On the surface it makes perfect sense: spend most of your time in capital budget meetings on proposed expenditures that will eat up most of your capital budget, such as the latest diagnostic equipment, shiny lab gear, or an advanced EHR system with extensive patient self-service features.
Headliners like those get the spotlight first and longest. They’re new, they’re expensive, and frankly they’re more interesting to talk about, not just around the conference table but also in your marketing to patients and reports to stakeholders.
But it’s the items discussed least – a few exam tables and sinks here, a waiting room seating and lighting upgrade there – that slip into the budget and quietly pile up. By the time they’re on the radar, a pack of relatively minor (but patently necessary) expenditures can have a major impact on business agility – even to the point where big budget items planned for the next cycle get pushed out of reach.
So how can healthcare providers avoid this all too common situation? With an all too underutilized strategy for managing smaller scale capex.
Finding the Right Balance of Internal vs. External Capex Funding
Call it Capex Chaos Theory: butterfly expenses over time spin up into budget-breaking storms. But what if, instead of resigning yourself to weathering those storms when they come, you could prevent them? The key could be a change in your mix of internal and external funding for certain classes of capital expenditures.
When an expenditure is relatively modest, it’s tempting to tap into cash reserves. And for some purchases, internal funding like this is a wise idea. Though as always, there’s an opportunity cost to think about: cash that’s spent can’t be spent again on something that could potentially deliver a better return.
This isn’t necessarily much of a problem when there are only a few small expenditures to consider. And that’s why so many of these purchases get funded internally, at least until they build to the level where you take a step back and wonder where all the money’s gone while an opportunity passes by.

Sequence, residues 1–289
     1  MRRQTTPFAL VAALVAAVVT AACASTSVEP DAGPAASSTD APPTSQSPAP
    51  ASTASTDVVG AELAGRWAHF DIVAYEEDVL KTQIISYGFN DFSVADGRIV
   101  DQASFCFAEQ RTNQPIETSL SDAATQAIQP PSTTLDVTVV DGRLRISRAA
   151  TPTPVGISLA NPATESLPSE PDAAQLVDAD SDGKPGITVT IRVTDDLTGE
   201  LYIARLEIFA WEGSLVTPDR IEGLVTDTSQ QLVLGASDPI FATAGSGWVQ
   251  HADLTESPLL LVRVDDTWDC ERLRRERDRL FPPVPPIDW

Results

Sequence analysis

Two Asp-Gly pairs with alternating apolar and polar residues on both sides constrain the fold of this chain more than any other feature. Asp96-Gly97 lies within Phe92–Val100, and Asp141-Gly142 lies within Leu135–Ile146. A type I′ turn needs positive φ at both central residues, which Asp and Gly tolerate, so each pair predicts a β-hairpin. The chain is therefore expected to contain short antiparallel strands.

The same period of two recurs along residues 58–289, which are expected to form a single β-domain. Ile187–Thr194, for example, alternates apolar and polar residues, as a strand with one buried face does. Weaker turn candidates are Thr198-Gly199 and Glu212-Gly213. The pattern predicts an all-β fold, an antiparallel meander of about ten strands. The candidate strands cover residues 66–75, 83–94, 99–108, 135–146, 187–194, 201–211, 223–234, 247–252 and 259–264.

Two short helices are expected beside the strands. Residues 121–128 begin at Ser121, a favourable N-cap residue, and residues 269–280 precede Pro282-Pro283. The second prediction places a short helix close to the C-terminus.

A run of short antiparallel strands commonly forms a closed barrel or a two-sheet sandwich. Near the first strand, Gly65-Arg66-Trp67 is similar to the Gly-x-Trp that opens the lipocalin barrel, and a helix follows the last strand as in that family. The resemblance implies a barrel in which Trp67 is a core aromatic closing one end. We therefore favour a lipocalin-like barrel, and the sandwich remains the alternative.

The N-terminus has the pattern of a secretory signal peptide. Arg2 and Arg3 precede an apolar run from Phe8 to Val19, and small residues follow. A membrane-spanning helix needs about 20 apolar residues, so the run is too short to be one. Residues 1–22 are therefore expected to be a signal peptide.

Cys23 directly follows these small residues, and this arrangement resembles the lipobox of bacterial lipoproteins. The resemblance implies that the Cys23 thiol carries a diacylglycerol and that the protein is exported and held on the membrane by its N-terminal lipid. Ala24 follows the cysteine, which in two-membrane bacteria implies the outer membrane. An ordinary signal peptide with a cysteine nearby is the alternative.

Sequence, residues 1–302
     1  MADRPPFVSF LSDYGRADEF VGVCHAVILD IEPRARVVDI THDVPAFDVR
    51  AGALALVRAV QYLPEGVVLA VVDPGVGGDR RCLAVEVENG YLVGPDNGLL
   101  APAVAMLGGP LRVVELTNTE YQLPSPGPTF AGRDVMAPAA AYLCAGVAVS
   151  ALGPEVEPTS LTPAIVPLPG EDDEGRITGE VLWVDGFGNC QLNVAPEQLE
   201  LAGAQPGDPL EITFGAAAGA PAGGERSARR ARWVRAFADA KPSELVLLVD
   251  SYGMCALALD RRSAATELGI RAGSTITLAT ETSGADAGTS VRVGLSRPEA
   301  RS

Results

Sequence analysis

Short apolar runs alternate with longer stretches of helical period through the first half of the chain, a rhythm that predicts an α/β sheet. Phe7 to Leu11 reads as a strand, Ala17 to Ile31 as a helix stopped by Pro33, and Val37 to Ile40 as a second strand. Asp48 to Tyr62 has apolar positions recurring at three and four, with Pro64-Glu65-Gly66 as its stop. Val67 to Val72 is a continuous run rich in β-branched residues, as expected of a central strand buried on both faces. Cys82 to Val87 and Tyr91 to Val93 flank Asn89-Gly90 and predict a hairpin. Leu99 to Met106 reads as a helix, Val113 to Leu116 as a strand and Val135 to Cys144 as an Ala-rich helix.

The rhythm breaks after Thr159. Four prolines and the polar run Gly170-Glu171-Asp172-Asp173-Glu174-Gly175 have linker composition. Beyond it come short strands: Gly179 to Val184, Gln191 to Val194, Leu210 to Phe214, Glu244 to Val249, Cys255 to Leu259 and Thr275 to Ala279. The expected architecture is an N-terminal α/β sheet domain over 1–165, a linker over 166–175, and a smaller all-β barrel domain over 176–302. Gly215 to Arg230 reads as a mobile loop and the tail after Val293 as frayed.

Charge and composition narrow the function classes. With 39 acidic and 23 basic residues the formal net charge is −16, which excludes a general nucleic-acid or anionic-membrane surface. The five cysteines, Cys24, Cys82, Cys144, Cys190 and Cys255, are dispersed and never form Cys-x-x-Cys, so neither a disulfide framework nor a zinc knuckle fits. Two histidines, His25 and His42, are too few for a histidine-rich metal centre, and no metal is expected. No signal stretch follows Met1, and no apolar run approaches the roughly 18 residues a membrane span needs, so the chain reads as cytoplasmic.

Instead of tying up cash like this, it may be a better idea to seek external funding, even for smaller expenditures. Not only can this conserve cash for uses that generate higher returns, it can also provide a much greater degree of capex flexibility.
Take waiting room FF&E, for example: with the right structuring, you can customize payments to meet current and expected cash flow needs, plus take advantage of a variety of ownership/use options.
Or consider an ECG machine and a payment option that gives you better pacing between cash out and revenue in, plus a simpler upgrade path. Or even a cloud software solution that offers a substantial discount for an upfront multi-year subscription – an affordable finance plan pays your technology provider all at once, but you can spread out payments on a schedule that supports improved liquidity and business agility.
Get More From Your Cash With the Right Capex Funding Strategy
A strategic funding plan is usually a given for major capital expenditures. But it can be just as important for the kind of acquisitions that might otherwise tie up cash that could be better used in other ways. They may not be headliners, but expenditures like these deserve a little more time in the spotlight – time that can pay off significantly now and in the long term.